[Show abstract][Hide abstract] ABSTRACT: Shwachman-Diamond syndrome (SDS), a rare autosomal-recessive disorder characterized by exocrine pancreatic insufficiency and hematopoietic dysfunction, is caused by mutations in the Shwachman-Bodian-Diamond syndrome (SBDS) gene. We created human pluripotent stem cell models of SDS through knockdown of SBDS in human embryonic stem cells (hESCs) and generation of induced pluripotent stem cell (iPSC) lines from two patients with SDS. SBDS-deficient hESCs and iPSCs manifest deficits in exocrine pancreatic and hematopoietic differentiation in vitro, enhanced apoptosis, and elevated protease levels in culture supernatants, which could be reversed by restoring SBDS protein expression through transgene rescue or by supplementing culture media with protease inhibitors. Protease-mediated autodigestion provides a mechanistic link between the pancreatic and hematopoietic phenotypes in SDS, highlighting the utility of hESCs and iPSCs in obtaining novel insights into human disease.
[Show abstract][Hide abstract] ABSTRACT: Fanconi anemia (FA) is a genetically heterogeneous, autosomal recessive disorder characterized by pediatric bone marrow failure and congenital anomalies. The effect of FA gene deficiency on hematopoietic development in utero remains poorly described as mouse models of FA do not develop hematopoietic failure and such studies cannot be performed on patients. We have created a human-specific in vitro system to study early hematopoietic development in FA using a lentiviral RNA interference (RNAi) strategy in human embryonic stem cells (hESCs). We show that knockdown of FANCA and FANCD2 in hESCs leads to a reduction in hematopoietic fates and progenitor numbers that can be rescued by FA gene complementation. Our data indicate that hematopoiesis is impaired in FA from the earliest stages of development, suggesting that deficiencies in embryonic hematopoiesis may underlie the progression to bone marrow failure in FA. This work illustrates how hESCs can provide unique insights into human development and further our understanding of genetic disease.
[Show abstract][Hide abstract] ABSTRACT: Human embryonic stem cells (hESCs) represent a powerful platform to study human development and its dysfunction in human disease. However, certain biological properties have hampered the application of standard gain of function and loss of function tools to these cells. For example, while traditional gene knockouts by homologous recombination (HR) have been reported, the low cloning efficiency of hESCs has made HR a lengthy and laborious undertaking. An alternative method of achieving loss of function is the use of small interfering RNAs (siRNAs) that can be introduced either as pre-synthesized duplexed oligonucleotides or via lentiviral vector. The use of a lentiviral vector to deliver siRNAs has proven to be a rapid and specific way to achieve highly efficient and persistent gene knockdowns in hESCs. In this chapter, we will summarize the key requirements for the successful application of lentiviral RNAi in hESCs.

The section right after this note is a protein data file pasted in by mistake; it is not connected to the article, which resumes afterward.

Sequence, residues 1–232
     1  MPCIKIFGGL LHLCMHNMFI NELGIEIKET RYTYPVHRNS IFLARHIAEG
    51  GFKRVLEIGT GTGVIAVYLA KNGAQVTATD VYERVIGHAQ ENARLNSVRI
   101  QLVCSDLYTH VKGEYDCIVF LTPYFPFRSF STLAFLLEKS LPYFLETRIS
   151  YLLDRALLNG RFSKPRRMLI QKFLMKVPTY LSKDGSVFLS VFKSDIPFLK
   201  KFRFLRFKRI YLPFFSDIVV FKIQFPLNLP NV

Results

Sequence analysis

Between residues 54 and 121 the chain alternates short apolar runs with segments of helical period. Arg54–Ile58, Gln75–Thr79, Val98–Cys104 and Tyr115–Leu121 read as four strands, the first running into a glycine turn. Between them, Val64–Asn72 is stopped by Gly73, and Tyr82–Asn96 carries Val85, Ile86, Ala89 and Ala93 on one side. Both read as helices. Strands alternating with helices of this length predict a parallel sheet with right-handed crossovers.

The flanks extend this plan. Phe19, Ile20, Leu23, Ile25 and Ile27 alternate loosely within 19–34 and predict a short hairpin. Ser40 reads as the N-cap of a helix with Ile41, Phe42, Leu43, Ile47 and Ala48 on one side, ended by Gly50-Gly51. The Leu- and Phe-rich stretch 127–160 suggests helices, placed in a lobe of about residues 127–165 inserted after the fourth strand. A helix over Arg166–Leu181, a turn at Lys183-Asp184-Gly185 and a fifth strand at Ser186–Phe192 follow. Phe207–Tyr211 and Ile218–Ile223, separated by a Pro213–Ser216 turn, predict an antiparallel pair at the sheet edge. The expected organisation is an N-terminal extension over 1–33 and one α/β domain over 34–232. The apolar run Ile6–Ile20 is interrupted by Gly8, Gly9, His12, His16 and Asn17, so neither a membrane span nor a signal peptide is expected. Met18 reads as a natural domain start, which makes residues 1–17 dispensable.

[Show abstract][Hide abstract] ABSTRACT: Deficiencies in the SBDS gene result in Shwachman-Diamond syndrome (SDS), an inherited bone marrow failure syndrome associated with leukemia predisposition. SBDS encodes a highly conserved protein previously implicated in ribosome biogenesis. Using human primary bone marrow stromal cells (BMSCs), lymphoblasts, and skin fibroblasts, we show that SBDS stabilized the mitotic spindle to prevent genomic instability. SBDS colocalized with the mitotic spindle in control primary BMSCs, lymphoblasts, and skin fibroblasts and bound to purified microtubules. Recombinant SBDS protein stabilized microtubules in vitro. We observed that primary BMSCs and lymphoblasts from SDS patients exhibited an increased incidence of abnormal mitoses. Similarly, depletion of SBDS by siRNA in human skin fibroblasts resulted in increased mitotic abnormalities and aneuploidy that accumulated over time. Treatment of primary BMSCs and lymphoblasts from SDS patients with nocodazole, a microtubule destabilizing agent, led to increased mitotic arrest and apoptosis, consistent with spindle destabilization. Conversely, SDS patient cells were resistant to taxol, a microtubule stabilizing agent. These findings suggest that spindle instability in SDS contributes to bone marrow failure and leukemogenesis.